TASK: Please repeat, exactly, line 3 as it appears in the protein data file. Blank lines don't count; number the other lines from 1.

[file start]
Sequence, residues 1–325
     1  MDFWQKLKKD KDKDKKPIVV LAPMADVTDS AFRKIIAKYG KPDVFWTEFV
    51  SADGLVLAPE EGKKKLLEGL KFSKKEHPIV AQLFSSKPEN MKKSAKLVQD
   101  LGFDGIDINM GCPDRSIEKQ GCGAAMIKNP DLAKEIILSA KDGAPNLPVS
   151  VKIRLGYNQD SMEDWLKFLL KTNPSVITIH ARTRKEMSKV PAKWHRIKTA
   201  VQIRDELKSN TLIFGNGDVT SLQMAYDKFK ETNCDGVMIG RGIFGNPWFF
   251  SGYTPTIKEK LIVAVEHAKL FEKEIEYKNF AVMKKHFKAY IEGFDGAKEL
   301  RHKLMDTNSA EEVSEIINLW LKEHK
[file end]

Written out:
    51  SADGLVLAPE EGKKKLLEGL KFSKKEHPIV AQLFSSKPEN MKKSAKLVQD